Cinema Day at the Victoria Hall recently screened a trio of films received by good audience figures.
Ellon Cinema’s Vicki Morgan was there to review two of the films.
Tinkerbell and the Legend of the Neverbeast
Disney once more takes us to Pixie Hollow where the fairy in focus this time is Fawn, the Animal Talent fairy.
Fawn has a heart of gold and wants to help any injured animal, no matter what the consequence. We meet her at the start of the film nurturing an injured baby hawk (a natural predator to fairies) and all chaos is let loose when she attempts to release it back to the wild, resulting in fully-grown hawks attacking the fairy world. Luckily, in this instance, no one is hurt and the hawks fly away with their tail between their legs (literally). Fawn’s next animal interest, however, is a little more unique and potentially a threat to the whole of Pixie Hollow.
The Neverbeast is discovered moaning loudly due to a thorn in its paw and after bravely pulling the thorn out, Fawn develops a bond between the beast. Trust and friendship develop between the two, however, the rest of Pixie Hollow, bar Fawns friends (Tinkerbell et al) are determined to get rid of the creature due to an ancient prophesy which predicts the beast will play a part in the destruction of their world. What follows is an adventure where friendships and trust are tested and perceptions and prejudices are challenged. Will the Neverbeast destroy Pixie Hollow and be the monster that the prophesy predicts?
This is another great Tinkerbell film, Disney can add another feather to its cap as it had the children in the audience laughing and captivated throughout. I am a massive Tinkerbell fan and its always a pleasure to take my daughter to see a Tinkerbell film and this one was no exception. Pixie Hollow is a stunning world of make believe where you are really taken away for an hour or two into the land of Never Never. The animation is top notch, the characters are each believable and entertaining and the Neverbeast endearing. The ending is a little sad but the kids I was with didn’t seem to be that bothered and it was the adults who were wiping away a few tears rather than the younger ones in the audience!
Lovely film, recommended - 8/10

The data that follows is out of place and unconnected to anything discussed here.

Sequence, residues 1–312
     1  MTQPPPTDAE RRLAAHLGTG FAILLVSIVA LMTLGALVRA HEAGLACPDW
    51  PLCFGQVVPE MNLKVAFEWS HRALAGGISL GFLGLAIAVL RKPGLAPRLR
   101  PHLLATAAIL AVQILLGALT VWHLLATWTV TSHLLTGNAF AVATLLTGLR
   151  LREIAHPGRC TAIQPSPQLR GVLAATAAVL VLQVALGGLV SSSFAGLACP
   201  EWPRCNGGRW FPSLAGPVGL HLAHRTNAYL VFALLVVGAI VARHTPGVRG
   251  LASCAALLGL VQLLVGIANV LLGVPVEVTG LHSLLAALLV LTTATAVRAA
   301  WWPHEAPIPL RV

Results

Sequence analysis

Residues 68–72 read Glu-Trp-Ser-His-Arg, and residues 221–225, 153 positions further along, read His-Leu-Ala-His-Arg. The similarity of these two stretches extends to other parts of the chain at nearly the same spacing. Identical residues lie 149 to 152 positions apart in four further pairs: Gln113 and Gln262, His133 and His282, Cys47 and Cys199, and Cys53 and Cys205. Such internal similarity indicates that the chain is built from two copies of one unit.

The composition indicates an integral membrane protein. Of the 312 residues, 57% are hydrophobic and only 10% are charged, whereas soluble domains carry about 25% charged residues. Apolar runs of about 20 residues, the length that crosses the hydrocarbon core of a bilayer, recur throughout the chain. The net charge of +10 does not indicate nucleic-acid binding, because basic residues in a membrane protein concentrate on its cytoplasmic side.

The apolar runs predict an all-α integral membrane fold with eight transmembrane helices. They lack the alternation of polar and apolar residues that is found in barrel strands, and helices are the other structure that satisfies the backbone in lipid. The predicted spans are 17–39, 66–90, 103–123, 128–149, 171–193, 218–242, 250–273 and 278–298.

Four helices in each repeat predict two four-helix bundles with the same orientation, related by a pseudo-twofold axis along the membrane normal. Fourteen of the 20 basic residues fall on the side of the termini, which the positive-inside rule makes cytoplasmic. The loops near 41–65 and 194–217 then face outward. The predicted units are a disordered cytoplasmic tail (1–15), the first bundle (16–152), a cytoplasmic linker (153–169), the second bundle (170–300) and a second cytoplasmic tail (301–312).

Directed by Angelina Jolie, Unbroken is based on the true story of US Olympian and Japanese POW Louie Zamperini. Louie begins his life as a drop-out youth, stealing and drinking alcohol and only rescued by his brother when his talent for running is spotted and finally encouraged by his sibling. As he grows, this talent develops, finding him at the 1936 Berlin Olympic Games and he continues training even as a bombardier in the US Air Force during WW2. Tragedy seems to follow Louie as he initially escapes unscathed from a crash landing, only to end up in another air crash over sea and left floating in a dinghy with two companions in the middle of the ocean. The trio amazingly survive afloat by eating raw fish and drinking rainwater and even narrowly escape hungry sharks.
They are then gunned down by a Japanese plane yet incredibly survive even this by patching up their dinghy with an emergency puncture repair kit. Their luck finally runs out, however, after 47 days, when the surviving duo (one of the chaps eventually died of exhaustion), is picked up by a Japanese boat and they find themselves flung into separate POW camps. What follows is the story of the endless torture and brutality endured by Louie at the hands of the Japanese and his defiance in the face of his enemies, eventually surviving the war, marrying and even running in the Olympics in Japan at the ripe old age of 80. He died in 2014 aged 97.
This film left me exhausted. I found the endless portrayal of torture and re-enactment of beyond comprehensible physical punishment just harrowing and to be honest, a little extreme. I’ve known a couple of grown-up children of some men who had been in Japanese POW camps, and what little snippets of stories these men allowed themselves to recount of their time in the camps is enough to appreciate the daily hell they lived through, let alone the stories they would not tell. We have a fair idea what went on in the camps without the need for such prolonged, graphic details, and this, I felt, damaged what was otherwise a very good film.
I found the duality of Louie and his nemesis Mutsuhiro “Bird” Watanabe, the Japanese POW corporal, interesting in that they were both determined to not be broken. Ironically, it is Watanabe that is broken in the end as he realises that he cannot crush his foes determination, whilst Louie, despite being horrifically physically damaged, remains mentally fit. A highly detailed film, perhaps dwelling too long on the torture scenes as it left me wondering how Zamperini survived with an intact face and body if such scenes were accurate – could a man survive being punched in the face by around 100 men and come out still looking human? I’m not so sure.
Harrowing – 6/10